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Sunday, May 19
The Indiana Daily Student

world

Big Brother talks, too

The first thing I saw after stepping off a plane and into the London Heathrow Airport was a sign.

“CCTV,” it said in large letters. And underneath, “For your safety and security, this area is monitored by closed circuit television.”

I thought nothing of it at the time, assuming it was standard procedure for an airport to monitor activity within for security purposes. But over the last four weeks, I’ve learned that the CCTV operating system is not unique to the London airports – it’s everywhere.

Every shop in town, every building on campus, even the restrooms in the underground system in London are monitored by CCTV. And, while video surveillance is certainly nothing new to me, I can’t help but feel as though I’ve walked off a plane from the United States and into the pages of Orwell’s “1984.”

According to a 2002 BBC News article, “the average citizen in the UK is caught on CCTV cameras 300 times a day.” This number has undoubtedly risen over the past seven years as campaigns by United Kingdom police have successfully led to the installation of thousands of new CCTV cameras all over the U.K., including a new set of “talking cameras” introduced in 2007.

These new cameras monitor littering and “anti-social behavior” in public places and actually talk to people to monitor their behavior immediately. For example, if a man leaves a can on a bench, the CCTV camera will spot it and a voice will come over on the speaker: “Please fetch your can. The bin is behind the phone box. Thank you for using the bin.”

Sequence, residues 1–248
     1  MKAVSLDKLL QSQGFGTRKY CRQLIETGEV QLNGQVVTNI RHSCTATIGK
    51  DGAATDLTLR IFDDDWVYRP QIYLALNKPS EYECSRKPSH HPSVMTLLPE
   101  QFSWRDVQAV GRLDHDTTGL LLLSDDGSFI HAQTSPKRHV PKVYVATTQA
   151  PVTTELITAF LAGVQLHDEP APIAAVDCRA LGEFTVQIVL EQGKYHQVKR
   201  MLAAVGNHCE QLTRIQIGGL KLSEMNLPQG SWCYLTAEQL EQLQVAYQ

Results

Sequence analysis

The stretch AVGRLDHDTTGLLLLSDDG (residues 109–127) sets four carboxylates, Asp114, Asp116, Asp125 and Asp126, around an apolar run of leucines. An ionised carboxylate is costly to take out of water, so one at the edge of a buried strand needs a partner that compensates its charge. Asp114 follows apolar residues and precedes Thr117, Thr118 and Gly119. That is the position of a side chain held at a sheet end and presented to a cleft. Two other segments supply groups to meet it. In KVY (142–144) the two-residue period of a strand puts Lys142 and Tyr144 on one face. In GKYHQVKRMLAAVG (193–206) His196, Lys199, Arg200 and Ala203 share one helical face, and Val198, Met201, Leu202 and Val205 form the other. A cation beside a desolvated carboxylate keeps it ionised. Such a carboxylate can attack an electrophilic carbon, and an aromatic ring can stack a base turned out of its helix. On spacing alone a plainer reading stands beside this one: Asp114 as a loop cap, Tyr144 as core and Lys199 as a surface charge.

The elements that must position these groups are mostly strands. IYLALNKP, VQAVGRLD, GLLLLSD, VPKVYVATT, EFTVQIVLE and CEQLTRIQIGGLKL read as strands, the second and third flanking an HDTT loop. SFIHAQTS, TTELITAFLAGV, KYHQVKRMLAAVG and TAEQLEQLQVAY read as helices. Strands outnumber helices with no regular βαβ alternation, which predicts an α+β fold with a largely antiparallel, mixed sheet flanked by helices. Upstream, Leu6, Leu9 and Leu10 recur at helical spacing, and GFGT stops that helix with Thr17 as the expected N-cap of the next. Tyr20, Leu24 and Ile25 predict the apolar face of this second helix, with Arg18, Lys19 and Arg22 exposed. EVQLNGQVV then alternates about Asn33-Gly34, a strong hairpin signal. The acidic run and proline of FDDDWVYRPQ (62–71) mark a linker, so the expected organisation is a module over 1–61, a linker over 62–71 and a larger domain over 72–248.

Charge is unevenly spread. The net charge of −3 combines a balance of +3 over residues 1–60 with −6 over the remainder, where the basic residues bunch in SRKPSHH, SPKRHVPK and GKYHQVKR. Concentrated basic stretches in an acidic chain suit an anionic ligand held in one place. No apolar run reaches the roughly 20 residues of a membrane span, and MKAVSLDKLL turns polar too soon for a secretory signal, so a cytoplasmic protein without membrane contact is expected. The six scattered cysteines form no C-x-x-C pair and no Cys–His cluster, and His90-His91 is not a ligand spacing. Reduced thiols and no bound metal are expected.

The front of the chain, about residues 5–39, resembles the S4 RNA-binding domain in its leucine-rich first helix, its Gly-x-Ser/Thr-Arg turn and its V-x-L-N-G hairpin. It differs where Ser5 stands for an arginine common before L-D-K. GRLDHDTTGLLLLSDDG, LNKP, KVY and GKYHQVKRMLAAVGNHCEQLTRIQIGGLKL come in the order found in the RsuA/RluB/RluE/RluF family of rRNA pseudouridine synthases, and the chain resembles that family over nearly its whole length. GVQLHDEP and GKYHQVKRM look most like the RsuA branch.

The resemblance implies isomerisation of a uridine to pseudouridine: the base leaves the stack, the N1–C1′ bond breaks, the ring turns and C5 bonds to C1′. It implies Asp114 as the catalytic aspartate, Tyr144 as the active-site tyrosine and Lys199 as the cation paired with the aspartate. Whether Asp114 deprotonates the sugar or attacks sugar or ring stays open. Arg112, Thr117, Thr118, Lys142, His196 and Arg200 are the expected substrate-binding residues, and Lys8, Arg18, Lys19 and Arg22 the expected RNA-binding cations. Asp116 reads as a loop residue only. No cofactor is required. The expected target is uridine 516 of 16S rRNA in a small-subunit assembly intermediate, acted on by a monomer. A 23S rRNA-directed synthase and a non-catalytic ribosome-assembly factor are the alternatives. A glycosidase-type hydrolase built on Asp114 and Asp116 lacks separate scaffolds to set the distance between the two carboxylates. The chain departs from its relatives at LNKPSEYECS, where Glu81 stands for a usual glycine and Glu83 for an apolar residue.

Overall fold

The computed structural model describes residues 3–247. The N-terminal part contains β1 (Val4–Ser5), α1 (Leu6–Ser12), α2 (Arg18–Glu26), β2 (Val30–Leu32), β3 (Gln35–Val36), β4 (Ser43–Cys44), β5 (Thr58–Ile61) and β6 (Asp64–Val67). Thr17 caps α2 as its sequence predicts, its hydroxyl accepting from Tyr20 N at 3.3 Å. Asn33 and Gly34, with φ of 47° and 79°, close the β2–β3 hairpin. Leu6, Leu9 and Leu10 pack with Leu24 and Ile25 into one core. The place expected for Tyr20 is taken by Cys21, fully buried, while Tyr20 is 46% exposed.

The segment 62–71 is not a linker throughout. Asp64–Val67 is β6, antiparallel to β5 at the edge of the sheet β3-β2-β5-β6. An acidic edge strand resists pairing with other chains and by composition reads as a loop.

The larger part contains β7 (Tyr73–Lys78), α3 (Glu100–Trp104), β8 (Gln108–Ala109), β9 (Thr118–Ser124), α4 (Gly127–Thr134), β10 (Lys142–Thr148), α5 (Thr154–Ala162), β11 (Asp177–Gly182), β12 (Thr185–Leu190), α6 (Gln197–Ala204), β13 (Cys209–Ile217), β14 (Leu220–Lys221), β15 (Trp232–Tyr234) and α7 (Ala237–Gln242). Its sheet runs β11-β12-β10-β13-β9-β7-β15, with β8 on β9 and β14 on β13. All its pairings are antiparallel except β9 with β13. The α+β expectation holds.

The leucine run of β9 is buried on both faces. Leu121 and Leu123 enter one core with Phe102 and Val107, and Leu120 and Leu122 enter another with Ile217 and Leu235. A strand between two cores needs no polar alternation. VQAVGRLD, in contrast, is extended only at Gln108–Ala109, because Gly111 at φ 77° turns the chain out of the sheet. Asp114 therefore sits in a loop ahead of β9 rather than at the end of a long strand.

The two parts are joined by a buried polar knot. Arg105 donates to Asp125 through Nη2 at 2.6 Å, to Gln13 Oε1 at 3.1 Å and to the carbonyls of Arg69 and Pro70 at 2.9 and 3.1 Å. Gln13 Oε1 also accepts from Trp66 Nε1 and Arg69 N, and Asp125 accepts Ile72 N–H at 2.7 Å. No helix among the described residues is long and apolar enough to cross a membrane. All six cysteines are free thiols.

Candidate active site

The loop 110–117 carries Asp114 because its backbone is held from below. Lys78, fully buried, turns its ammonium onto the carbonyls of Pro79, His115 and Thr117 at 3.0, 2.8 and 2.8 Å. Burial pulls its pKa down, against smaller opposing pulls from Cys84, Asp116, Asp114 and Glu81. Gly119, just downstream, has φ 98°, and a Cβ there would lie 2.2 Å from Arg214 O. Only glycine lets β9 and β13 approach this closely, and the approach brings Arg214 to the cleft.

Beyond surveillance of city streets and shops for small crimes, littering and anti-social behavior, CCTV footage has been used in the past decade by UK police to track down missing children, monitor traffic and even identify terrorists (as in the case of the 2005 London bombings). These successes and uses are great, but does that make up for the blatant violation of personal privacy and civil liberties?

Information Commissioner Richard Thomas has argued that Britain is “sleepwalking into a surveillance society,” while other opponents of the system have resorted to vandalism to show their dissatisfaction with the surveillance. Some choose to merely impede the surveillance by spraying paint over the lens or covering the lens of CCTV cameras, while others deliberately destroy the cameras in hopes of making a political statement. While these means of protest are relatively ineffective, they are prevalent, adding fuel to the ongoing debate of whether or not the widespread use of CCTV in the U.K. is justified.

I’m certainly not here to say whether the use of CCTV is right or wrong. I am but a student of the world, here to learn about the way people of another culture live their lives.

But of one thing I am sure – the American inside of me will probably never shake the feeling that, in the U.K., Big Brother is watching, and his name is the CCTV.

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